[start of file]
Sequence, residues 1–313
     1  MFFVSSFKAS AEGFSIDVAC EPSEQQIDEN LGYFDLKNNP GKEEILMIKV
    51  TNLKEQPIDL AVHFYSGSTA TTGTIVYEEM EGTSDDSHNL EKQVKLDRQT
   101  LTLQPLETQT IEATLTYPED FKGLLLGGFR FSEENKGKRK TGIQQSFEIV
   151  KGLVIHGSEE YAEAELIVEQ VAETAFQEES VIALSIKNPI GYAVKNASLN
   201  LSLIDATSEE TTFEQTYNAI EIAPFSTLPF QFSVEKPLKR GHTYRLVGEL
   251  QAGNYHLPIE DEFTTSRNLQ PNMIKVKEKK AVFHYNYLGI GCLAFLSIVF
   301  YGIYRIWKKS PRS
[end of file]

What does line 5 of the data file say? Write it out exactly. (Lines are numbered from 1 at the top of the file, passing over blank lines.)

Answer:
   151  KGLVIHGSEE YAEAELIVEQ VAETAFQEES VIALSIKNPI GYAVKNASLN